Measuring the religious significance of the Supreme Court’s LGBT decision

Dashing the hopes of social conservatives, two justices President Trump nominated to the Court took a relaxed view of the religious implications of expanding LGBTQ rights.

Aimee Stephens, seated, and her wife Donna Stephens, in pink, listen during a news conference outside the Supreme Court in Washington, Tuesday, Oct. 8, 2019. Aimee Stephens lost her job when she told Thomas Rost, owner of the Detroit-area R.G. and G.R. Harris Funeral Homes, that she had struggled with gender identity issues almost her whole life. Stephens died in Michigan in May 2020. (AP Photo/Susan Walsh)

(RNS) — Dissenting passionately from Monday’s Supreme Court’s decision in Bostock v. Clayton County, barring employment discrimination against LGBT people under Title VII of the Civil Rights Act, Justice Samuel Alito asserts that “the position that the Court now adopts will threaten freedom of religion.”

Will it?

Alito cites with approval friend-of-the-court briefs from religious bodies to the effect that “compelling a religious organization to employ individuals whose conduct flouts the tenets of the organization’s faith forces the group to communicate an objectionable message.”

While he acknowledges that under the “ministerial exception,” established by the Court in 2012, such compulsion may not apply to teachers in religious schools, he points to “other very visible school employees” who don’t qualify for the exception.

Alito also worries that the new ruling might undermine the ability of religious organizations to resist health insurance claims for gender reassignment surgery and be used as a cudgel against using gender-specific pronouns and expressing disapproval of same-sex relationships and gender reassignment. 

Writing for the 6-3 majority, Justice Neil Gorsuch waved away such worries as “nothing new.” There are, he wrote, many protections for religious free exercise on the books now, including the Religious Freedom Restoration Act “as a kind of super statute” that “might supersede Title VII’s commands in appropriate cases.” Outstanding religious liberty issues are “questions for future cases.”

In a separate dissent, Justice Brett Kavanaugh took an identically relaxed view of the religious implications, noting the range of opportunities for protecting religious freedom cited in the majority opinion. Kavanaugh’s own objection to the Bostock decision was merely that the Court overreached in the face of Congress’ failure to pass statutory language including LGBT people under Title VII.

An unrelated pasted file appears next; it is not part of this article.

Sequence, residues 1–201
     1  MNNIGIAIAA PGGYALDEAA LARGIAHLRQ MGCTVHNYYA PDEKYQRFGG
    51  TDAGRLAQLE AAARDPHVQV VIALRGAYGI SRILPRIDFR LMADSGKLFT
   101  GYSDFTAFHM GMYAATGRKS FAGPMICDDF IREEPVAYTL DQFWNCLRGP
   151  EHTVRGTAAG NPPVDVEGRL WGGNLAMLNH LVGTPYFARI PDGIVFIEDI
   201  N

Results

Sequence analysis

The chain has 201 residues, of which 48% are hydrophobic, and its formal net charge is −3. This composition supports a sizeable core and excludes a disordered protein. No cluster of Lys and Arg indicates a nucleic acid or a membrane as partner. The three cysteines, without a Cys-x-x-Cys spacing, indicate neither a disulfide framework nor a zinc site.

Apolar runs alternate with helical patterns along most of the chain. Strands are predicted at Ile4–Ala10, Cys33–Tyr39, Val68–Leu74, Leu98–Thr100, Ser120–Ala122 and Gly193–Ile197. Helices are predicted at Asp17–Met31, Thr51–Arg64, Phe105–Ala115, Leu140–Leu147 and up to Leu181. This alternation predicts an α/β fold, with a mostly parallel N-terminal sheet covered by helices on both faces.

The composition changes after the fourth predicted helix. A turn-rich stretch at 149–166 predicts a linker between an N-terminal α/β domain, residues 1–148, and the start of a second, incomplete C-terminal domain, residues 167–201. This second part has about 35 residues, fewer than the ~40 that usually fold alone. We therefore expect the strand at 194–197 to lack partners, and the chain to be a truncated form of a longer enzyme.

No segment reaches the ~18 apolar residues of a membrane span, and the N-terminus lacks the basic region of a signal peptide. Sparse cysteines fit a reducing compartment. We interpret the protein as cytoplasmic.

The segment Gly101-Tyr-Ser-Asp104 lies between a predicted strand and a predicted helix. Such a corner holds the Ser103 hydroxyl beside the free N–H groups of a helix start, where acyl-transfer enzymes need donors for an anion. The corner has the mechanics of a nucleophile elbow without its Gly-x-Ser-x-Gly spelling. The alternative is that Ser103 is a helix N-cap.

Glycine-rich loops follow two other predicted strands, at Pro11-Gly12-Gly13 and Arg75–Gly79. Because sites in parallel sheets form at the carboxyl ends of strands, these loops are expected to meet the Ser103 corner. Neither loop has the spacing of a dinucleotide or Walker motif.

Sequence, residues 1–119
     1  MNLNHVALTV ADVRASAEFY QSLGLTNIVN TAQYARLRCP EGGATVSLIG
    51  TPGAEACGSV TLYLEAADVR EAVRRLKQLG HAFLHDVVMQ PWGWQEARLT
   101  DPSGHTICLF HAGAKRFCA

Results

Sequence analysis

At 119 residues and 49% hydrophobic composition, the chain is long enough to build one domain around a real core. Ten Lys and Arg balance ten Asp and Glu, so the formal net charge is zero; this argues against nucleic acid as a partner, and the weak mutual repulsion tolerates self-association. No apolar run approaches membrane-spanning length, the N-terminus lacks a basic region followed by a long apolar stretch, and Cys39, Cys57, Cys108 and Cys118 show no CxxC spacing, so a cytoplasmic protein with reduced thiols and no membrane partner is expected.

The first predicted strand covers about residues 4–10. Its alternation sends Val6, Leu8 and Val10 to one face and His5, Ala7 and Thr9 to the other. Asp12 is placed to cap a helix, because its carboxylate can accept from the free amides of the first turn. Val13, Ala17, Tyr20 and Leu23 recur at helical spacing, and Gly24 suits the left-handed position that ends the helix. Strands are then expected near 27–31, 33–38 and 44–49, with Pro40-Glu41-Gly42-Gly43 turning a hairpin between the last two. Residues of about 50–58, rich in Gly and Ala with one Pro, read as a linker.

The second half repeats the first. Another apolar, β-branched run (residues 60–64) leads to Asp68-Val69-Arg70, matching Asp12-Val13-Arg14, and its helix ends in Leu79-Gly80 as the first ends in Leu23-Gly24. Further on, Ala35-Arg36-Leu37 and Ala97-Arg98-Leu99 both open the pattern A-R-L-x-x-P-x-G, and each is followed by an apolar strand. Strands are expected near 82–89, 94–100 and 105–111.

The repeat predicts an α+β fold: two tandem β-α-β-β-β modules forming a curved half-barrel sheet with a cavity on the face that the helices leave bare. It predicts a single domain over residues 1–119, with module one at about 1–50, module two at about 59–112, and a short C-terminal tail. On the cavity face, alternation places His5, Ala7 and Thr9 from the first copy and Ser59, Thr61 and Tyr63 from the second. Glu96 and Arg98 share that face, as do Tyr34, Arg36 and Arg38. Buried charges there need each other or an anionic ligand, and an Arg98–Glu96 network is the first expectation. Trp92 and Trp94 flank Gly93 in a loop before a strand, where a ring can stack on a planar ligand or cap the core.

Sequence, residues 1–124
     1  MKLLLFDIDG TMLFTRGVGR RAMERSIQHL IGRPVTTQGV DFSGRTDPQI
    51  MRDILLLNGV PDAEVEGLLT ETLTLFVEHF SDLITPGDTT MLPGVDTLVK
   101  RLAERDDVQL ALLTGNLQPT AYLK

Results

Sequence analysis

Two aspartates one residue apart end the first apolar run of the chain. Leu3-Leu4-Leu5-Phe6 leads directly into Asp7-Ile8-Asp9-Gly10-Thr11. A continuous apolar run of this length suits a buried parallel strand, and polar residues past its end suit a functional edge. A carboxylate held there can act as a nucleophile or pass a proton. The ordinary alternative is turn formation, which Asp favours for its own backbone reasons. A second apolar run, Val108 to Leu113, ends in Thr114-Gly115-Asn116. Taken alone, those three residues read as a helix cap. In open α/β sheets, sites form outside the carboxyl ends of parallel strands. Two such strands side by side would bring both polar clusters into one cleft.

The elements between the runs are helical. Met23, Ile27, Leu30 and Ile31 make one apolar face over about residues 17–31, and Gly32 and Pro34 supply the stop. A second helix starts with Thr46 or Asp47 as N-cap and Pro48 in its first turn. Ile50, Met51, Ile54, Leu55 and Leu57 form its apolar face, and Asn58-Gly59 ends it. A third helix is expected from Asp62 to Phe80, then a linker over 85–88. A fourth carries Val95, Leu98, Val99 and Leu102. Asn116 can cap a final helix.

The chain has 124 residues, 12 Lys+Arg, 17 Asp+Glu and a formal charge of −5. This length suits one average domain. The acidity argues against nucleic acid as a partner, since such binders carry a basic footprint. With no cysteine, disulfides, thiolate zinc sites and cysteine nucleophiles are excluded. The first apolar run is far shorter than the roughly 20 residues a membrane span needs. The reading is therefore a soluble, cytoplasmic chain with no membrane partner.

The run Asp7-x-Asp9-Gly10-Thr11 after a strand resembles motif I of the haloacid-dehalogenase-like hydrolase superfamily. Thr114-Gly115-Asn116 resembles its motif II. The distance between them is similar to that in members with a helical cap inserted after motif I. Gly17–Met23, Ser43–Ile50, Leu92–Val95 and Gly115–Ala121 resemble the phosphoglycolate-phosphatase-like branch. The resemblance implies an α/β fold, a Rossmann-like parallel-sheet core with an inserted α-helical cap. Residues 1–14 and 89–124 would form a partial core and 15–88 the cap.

Hewing to this separation-of-powers argument, Kavanaugh went far out of his way to acknowledge that, with the court’s decision, gays and lesbians had achieved an “important victory”:

Millions of gay and lesbian Americans have worked hard for many decades to achieve equal treatment in fact and in law. They have exhibited extraordinary vision, tenacity, and grit — battling often steep odds in the legislative and judicial arenas, not to mention in their daily lives. They have advanced powerful policy arguments and can take pride in today’s result.

Which is exactly the point. The Court may well decide this month — in Our Lady of Guadalupe School v. Agnes Morrissey-Berru — that the ministerial exception has the broadest of reaches, even going so far as to say that any employee of a religious organization may be considered a minister insofar as they manifest in their lives an example to the rest of their community.

But as it did most recently with same-sex marriage, the Court has set its critical seal of approval on an important new social norm. Americans cannot be denied employment because of their sexual orientation or their self-determined gender identity. 

On those grounds, this was a 7-2 opinion, with Kavanaugh joining the majority in embracing the new norm even as he refused to go along with its judicial establishment. No wonder he is now, along with Gorsuch and Chief Justice John Roberts, the object of many social conservatives’ vituperative dismay.

So much for those conservatives’ belief that Trump’s Federalist Society judges, like King Canute, will order the incoming tide to stop at their feet. The tide of equality for LGBT people in American society is ineluctable. Get over it.

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